Nathaniel A. Barrett (born c. 1870) was the Mayor of East Lake before its annexation into Birmingham in 1910. He was later elected to a four year term as President of the Birmingham City Commission from 1917 to 1921.
Barrett was publicly endorsed in the 1917 Birmingham City Commission election by the True Americans, an anti-catholic secret society which took issue with incumbent George Ward's stance on honoring the Lord's Day. Barrett, a Baptist, had been a leader in the campaign to prohibit the showing of movies on Sundays, which Ward had voted to uphold. During the campaign Barrett labelled Ward, an Episcopalian, as a "tool of the Catholics".
Barrett, for his part, was called a "narrow, bigoted, intolerant type, thoroughly incapacitated for the big task he seeks," by the Birmingham News, which had led efforts to put experienced business leaders into office.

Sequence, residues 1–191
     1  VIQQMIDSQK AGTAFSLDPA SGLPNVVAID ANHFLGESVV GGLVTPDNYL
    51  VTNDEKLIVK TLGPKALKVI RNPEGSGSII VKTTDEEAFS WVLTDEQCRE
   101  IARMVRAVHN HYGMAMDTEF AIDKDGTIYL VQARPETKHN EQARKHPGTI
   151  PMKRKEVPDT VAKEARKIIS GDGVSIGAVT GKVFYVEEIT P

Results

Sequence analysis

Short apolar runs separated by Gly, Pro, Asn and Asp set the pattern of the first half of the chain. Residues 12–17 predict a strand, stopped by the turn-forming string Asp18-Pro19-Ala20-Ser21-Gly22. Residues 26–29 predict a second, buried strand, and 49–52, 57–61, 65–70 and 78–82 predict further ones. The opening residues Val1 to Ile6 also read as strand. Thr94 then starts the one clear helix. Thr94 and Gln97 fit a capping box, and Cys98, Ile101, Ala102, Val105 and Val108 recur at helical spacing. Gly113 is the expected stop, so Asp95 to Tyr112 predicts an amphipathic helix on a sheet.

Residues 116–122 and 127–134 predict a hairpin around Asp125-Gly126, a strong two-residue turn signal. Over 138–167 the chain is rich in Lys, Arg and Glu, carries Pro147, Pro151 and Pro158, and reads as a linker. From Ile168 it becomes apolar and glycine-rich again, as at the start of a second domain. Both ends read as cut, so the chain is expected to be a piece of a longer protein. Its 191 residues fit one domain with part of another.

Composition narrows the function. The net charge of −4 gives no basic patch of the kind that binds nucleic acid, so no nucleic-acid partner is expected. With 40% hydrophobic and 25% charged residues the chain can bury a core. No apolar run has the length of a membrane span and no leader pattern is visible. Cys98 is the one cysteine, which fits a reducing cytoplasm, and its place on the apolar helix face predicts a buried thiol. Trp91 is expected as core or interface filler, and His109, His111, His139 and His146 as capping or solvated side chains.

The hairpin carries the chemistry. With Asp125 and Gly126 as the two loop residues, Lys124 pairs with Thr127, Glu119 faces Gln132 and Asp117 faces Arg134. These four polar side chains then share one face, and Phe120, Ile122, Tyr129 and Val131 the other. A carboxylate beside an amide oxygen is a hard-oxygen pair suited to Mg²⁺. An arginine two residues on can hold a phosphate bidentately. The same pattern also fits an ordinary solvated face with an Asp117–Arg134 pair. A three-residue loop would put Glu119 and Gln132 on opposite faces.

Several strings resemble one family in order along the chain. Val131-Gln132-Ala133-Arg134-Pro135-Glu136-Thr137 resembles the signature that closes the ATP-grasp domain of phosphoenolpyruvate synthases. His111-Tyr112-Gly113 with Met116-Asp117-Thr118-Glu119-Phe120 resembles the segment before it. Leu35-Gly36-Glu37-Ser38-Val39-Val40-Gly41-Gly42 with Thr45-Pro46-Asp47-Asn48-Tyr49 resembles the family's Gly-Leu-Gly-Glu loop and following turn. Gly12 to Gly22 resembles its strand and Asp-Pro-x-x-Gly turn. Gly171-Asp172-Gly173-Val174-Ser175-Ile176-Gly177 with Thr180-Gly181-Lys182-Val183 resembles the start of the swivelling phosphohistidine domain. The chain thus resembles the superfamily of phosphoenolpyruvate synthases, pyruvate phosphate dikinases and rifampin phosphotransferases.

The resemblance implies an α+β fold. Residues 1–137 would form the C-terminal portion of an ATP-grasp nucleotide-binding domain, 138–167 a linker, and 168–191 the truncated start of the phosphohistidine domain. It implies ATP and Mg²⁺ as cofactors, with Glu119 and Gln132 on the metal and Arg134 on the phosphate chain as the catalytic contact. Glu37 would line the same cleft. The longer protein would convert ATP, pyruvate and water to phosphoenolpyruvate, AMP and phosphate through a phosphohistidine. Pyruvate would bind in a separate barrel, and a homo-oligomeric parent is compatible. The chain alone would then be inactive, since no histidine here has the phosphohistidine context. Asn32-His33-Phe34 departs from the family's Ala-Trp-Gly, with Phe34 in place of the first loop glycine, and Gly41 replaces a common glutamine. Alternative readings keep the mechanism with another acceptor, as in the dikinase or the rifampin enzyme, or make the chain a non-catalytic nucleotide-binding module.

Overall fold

Barrett won the election with strong support from the recently annexed suburban communities outside the business district. He famously switched from chewing tobacco to chewing gum as he convened his first meeting of the Board of Commissioners. His first act as Mayor was to fire police chief Martin Eagan, a Catholic, and install Ku Klux Klan official Thomas Shirley in his place.
In 1920 Barrett supported a move to increase property taxes and reduce merchant's license fees by 20 percent.
Despite his interest in reforming the Birmingham Police Department, Barrett's administration was accused of being soft on vice as prostitution and gambling flourished, especially during World War I. His entire administration was replaced in the 1921 Birmingham City Commission election by a new slate of reformers headed by D. E. McLendon.
|President of Birmingham City Commission|